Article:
As no human glaucoma studies have been done looking at the role of quercetin, it is not possible to recommend a proper dosage. For those who desire to take this supplement, however, it is worth noting that the dihydrate form of Quercetin appears to have the best bioavailability. Another option would be to take Rutin instead of Quercetin.


1) Wang FM, Yao TW, Zeng S. Determination of quercetin and kaempferol in human urine after orally administrated tablet of ginkgo biloba extract by HPLC. J Pharm Biomed Anal. (2003)

2) Anon. Quercetin. Alt Med Rev 1998;3:140-3.

Nemeth K, Piskula MK. Food content, processing, absorption and metabolism of onion flavonoids. Crit Rev Food Sci Nutr 2007;47:397-409.

3) Murota K, et al. alpha-Oligoglucosylation of a sugar moiety enhances the bioavailability of quercetin glucosides in humans. Arch Biochem Biophys. (2010)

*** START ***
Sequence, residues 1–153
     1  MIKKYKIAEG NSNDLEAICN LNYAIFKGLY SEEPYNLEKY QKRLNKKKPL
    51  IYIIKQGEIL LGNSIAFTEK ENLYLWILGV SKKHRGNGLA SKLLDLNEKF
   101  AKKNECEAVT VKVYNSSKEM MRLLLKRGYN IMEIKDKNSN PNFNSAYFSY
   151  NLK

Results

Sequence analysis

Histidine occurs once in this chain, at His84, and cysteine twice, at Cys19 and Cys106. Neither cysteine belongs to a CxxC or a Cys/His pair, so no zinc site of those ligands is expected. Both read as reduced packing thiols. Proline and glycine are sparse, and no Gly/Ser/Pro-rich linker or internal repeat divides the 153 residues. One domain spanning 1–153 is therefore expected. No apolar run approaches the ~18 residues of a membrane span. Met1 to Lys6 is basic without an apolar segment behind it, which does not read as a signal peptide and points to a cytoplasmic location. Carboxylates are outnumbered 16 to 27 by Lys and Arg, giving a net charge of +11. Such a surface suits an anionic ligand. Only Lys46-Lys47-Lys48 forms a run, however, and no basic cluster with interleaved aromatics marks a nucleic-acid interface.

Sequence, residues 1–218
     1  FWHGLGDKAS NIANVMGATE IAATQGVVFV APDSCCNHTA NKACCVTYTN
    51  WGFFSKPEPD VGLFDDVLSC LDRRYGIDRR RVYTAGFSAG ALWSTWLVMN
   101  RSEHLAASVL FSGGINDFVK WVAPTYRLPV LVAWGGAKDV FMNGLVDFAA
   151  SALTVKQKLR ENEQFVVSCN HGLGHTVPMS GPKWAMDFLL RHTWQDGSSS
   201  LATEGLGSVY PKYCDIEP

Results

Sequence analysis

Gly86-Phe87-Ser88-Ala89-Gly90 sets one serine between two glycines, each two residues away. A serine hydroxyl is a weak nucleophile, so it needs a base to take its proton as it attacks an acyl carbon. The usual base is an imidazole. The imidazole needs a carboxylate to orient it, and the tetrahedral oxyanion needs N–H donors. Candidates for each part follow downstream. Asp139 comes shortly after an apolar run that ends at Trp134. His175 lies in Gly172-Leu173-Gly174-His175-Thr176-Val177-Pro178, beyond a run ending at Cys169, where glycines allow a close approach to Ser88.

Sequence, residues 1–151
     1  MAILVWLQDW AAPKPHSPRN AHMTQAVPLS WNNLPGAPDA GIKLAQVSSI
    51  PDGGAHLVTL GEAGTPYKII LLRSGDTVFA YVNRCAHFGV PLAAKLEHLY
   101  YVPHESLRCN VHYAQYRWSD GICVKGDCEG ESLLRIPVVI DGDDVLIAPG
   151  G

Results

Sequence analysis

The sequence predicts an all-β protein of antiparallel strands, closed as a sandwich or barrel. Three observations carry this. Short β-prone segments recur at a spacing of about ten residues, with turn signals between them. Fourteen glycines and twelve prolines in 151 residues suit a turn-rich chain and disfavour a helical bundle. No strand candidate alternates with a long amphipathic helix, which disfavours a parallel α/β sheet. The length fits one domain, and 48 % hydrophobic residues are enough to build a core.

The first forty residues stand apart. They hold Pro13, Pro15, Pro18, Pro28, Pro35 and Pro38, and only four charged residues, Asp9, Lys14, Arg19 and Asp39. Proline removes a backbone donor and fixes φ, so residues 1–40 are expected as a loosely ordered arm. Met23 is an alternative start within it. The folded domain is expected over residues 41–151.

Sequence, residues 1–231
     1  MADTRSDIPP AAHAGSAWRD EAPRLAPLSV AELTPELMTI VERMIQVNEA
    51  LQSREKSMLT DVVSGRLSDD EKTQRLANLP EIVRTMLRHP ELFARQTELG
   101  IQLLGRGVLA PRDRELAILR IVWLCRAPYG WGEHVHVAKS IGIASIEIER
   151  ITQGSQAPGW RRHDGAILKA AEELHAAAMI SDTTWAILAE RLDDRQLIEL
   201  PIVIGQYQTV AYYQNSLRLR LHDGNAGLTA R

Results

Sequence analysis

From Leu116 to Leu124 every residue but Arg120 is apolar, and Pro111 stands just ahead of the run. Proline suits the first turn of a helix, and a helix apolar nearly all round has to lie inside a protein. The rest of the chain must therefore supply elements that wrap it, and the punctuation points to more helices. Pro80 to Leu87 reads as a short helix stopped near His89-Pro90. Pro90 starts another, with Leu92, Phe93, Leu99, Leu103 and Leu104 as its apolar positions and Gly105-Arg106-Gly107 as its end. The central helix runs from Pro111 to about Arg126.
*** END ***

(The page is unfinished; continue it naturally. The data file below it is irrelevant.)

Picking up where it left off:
4) Lean ME, Noroozi M, Kelly I. Dietary flavonols protect diabetic human lymphocytes against oxidative damage to DNA. Diabetes 1999;48:176-81.

5) Anon. Quercetin. Alt Med Rev 1998;3:140-3.

Nieman DC, Henson DA, Davis JM, et al. Quercetin’s influence on exercise-induced changes in plasma cytokines and muscle and leukocyte cytokine mRNA. J Appl Physiol 2007;103:1728-35.

6) Harwood M, Danielewska-Nikiel B, Borzelleca JF, et al. A critical review of the data related to the safety of quercetin and lack of evidence of in vivo toxicity, including lack of genotoxic / carcinogenic properties. Food Chem Toxicol 2007;45:2179-205.

7) de Pascual-Teresa S, Johnston KL, DuPont MS, et al. Quercetin metabolites downregulate cyclooxygenase-2 transcription in human lymphocytes ex vivo but not in vivo. J Nutr 2004;134:552-7.

8) Faria A, et al. Flavonoid transport across RBE4 cells: A blood-brain barrier model. Cell Mol Biol Lett. (2010)